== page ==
Now you see them, now you don’t for Cyprus Gypsies
NICOSIA, April 3 (Reuters) – For three days last week, the thousand or
so Dom people, or Gypsies, of Cyprus looked set finally to join
Greeks, Turks, Armenians and others as one of the island’s official
But, after 600 years, it was not to be.
Greek and Turkish Cypriot leaders negotiating reunification vetoed a
proposal by United Nations mediators to extend minority rights to the
Dom, including a special seat in parliament.
“Neither side wanted to give them the status that including them would
have provided,” said a diplomat involved in the talks in Switzerland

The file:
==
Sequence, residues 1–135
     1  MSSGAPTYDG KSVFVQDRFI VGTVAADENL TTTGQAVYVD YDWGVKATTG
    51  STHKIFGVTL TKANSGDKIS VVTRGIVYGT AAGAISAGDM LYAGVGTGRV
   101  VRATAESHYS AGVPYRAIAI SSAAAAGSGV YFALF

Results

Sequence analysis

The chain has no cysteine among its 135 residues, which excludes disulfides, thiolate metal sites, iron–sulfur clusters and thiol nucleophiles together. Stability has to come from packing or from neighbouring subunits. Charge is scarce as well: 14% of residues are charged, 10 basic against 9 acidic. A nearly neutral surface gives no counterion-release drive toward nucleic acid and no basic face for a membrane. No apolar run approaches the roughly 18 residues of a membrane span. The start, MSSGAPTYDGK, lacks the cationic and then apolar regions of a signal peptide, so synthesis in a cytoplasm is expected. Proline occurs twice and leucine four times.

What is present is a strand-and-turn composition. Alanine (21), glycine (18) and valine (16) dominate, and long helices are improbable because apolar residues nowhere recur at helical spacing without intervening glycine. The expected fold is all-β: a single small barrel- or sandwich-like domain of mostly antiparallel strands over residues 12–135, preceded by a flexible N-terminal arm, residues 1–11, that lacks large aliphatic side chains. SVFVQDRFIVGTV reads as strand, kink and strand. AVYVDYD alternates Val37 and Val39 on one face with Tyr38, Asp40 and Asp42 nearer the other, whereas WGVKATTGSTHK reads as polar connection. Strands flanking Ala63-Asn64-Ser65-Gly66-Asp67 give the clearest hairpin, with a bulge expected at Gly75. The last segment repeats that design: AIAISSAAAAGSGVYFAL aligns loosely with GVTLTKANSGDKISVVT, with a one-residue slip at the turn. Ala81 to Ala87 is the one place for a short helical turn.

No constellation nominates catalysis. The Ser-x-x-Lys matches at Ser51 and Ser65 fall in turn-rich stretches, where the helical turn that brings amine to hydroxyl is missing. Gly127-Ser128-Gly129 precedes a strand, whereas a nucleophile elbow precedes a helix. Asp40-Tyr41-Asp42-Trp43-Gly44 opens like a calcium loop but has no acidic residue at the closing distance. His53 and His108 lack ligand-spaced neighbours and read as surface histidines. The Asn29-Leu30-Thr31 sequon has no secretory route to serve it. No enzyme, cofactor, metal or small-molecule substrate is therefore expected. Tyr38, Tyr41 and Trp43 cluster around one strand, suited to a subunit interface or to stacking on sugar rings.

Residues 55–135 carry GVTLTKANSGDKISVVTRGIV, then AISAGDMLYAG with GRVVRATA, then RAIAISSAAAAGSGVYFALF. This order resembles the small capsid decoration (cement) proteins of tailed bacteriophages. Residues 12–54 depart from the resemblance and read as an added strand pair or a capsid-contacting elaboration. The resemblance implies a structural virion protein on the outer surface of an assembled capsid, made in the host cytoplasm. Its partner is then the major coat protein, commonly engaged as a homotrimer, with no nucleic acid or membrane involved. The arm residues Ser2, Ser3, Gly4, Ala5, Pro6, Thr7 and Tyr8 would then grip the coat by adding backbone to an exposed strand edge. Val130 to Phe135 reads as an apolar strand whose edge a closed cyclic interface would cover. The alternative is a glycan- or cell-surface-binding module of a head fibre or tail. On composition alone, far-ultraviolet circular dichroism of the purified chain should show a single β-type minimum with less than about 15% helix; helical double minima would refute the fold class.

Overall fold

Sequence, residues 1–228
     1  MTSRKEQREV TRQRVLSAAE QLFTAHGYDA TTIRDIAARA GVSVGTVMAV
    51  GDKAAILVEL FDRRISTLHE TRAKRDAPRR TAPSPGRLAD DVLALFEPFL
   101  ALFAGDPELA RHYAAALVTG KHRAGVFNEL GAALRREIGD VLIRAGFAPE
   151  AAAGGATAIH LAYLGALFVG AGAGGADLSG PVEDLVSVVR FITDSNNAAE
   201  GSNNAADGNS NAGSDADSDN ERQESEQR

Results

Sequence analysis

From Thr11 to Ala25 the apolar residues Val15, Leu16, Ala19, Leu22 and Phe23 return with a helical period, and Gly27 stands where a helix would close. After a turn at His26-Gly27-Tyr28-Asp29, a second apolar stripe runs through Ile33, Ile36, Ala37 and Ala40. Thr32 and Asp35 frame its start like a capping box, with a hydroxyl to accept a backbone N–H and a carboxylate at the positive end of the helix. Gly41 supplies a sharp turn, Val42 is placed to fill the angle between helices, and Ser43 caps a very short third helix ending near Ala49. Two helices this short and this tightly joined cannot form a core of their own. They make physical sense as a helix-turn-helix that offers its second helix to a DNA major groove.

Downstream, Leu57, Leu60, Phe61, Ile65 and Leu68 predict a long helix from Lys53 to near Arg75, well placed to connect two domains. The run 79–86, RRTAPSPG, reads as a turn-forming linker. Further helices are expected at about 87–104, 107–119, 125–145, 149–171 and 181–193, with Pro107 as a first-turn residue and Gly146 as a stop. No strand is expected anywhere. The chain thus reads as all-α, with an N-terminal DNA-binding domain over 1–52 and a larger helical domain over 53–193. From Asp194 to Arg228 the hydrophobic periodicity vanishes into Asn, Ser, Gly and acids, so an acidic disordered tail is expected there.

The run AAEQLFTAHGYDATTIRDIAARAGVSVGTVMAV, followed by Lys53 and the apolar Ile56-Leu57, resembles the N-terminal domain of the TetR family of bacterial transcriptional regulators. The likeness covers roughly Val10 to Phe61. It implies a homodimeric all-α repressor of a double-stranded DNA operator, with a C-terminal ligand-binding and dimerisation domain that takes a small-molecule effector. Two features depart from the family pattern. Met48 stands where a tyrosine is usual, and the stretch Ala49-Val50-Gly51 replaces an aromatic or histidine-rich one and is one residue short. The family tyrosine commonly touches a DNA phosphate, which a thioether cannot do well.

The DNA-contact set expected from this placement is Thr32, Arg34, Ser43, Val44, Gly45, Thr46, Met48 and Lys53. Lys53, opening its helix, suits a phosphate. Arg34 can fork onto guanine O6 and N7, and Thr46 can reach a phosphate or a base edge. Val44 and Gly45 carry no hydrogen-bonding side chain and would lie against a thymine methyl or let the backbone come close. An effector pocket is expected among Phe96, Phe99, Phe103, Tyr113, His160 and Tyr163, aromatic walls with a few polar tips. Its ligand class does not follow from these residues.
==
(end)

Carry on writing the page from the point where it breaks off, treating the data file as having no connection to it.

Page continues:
last week. The final draft — which makes no mention of the Dom —
goes to referendums on April 24 in a bid to end 30 years of division
between Greek and Turkish Cypriots.
The Dom, whose ancestors came to the island in the 14th century, had,
however, been recognised in an earlier draft of the constitutional
arrangements, seen by Reuters.
Three other minority groups — Latin, Maronite and Armenian Christians
— whose numbers are in the thousands out of a total population of
800,000 have their own, non-voting representative in the Cypriot
parliament under a 1960 constitution.
That constitution offers recognition to ethnic or religious minorities
numbering at least 500 people.
A Greek Cypriot official said he did not know why the Dom, referred to
as Roma by the U.N., had been excluded. Dom were not immediately
available for comment.
04/03/04 06:02 ET